This battered Queens Midtown Tunnel sign is a survivor — I know it’s at least 50 years old because it doesn’t use a modern Highway Gothic font as all signs do these days. RIGHT: Tudor-style apartments on 42nd.
Approaching the 40th/Lowery Street station, the King of All Buildings and the Queens Citigroup Tower loom before us. The Empire State seems especially tall from Sunnyside and Blissville — only the Citi Tower can compete with it.
Blue and white is again the color scheme at the New Post Coffee Shop, which sports the Mexican, USA and Irish flags.
You say you want more of a selection?
…You can have Romanian and Italian just a couple of doors away.
Queens Boulevard changes character again west of 39th Street, as the side streets both north and south are no longer heavily residential but are home to light manufacturing and services. However, as we’ll see, this produces greater opportunities to see decades-old signage and hints of long-vanished businesses here and there.
I count 10 separate signs on the lamppost, but there are instances around town where the DOT can cram even more onto a single post. At the NE corner, what is now a pool parlor was once the home of EPCO.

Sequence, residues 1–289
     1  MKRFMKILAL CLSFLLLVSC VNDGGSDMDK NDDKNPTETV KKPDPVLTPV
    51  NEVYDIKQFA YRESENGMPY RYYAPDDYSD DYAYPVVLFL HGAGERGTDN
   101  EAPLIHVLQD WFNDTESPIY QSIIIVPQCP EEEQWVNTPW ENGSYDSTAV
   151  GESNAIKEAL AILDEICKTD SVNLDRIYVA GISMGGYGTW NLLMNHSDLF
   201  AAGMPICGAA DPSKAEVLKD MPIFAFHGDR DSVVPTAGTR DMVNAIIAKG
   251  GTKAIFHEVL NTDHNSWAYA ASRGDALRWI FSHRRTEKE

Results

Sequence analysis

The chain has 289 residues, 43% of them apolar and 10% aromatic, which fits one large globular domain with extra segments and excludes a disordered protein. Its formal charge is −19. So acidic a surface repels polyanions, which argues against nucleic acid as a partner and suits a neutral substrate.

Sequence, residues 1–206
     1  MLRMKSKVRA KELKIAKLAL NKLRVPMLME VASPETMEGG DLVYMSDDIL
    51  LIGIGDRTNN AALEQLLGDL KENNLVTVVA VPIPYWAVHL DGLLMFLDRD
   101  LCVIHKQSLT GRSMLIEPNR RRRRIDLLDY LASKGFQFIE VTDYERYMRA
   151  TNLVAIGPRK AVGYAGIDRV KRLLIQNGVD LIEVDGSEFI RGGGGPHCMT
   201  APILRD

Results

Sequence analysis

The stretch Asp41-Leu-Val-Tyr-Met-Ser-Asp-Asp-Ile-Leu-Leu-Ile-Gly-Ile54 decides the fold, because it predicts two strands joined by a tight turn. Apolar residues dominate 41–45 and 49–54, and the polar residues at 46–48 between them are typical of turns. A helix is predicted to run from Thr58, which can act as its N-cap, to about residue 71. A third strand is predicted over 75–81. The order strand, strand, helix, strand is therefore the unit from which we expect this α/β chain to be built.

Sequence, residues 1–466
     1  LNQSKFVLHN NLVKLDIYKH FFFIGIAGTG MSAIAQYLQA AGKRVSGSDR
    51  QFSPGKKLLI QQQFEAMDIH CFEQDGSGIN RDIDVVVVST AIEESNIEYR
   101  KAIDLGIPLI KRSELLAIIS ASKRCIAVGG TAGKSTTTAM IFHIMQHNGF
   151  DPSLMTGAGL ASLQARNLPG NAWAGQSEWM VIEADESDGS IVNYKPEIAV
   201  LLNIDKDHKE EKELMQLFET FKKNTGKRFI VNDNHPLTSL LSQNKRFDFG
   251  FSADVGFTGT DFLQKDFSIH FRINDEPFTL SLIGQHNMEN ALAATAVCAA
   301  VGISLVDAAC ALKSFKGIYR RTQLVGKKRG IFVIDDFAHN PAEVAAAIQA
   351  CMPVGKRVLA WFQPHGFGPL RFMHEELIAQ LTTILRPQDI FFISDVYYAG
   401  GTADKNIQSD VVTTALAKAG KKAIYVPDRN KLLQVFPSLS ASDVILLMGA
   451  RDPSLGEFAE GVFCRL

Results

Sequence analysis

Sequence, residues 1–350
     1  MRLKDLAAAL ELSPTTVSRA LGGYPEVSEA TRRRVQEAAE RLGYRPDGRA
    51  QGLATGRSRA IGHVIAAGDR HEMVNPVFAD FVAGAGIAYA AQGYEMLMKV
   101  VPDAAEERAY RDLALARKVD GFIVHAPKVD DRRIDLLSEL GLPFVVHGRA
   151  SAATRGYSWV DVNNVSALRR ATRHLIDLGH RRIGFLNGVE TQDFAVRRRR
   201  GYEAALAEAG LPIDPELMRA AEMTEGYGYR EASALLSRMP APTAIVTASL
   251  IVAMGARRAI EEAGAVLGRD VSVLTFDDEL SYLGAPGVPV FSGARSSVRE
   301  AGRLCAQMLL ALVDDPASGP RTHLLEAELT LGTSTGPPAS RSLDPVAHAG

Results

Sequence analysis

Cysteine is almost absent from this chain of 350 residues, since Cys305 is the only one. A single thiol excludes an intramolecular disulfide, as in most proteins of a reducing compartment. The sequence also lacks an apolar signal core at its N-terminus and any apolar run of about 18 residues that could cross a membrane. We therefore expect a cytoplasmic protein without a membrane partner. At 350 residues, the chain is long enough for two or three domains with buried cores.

Liberty Brass Turning has a pair of signs in one of my favorite color combinations, black and gold, and rusted signs on the 38th Street side. Brass is an alloy of copper and zinc, though aluminum or lead can be added to produce stronger varieties.
To get out of the hot sun for a bit I walked under the Vickers Viaduct, which is mostly used form parking. At 36th Street I noticed the new La Quinta. Western Queens has seen a number of hotels open in rather odd locales, but this location so close to the Queensboro Bridge makes some sense. On the north side of the street is a blandly appointed warehouse/loft building.
Approaching 35th Street I noticed an unusual piece of curbside equipment in front of the blue awning in the center of the block.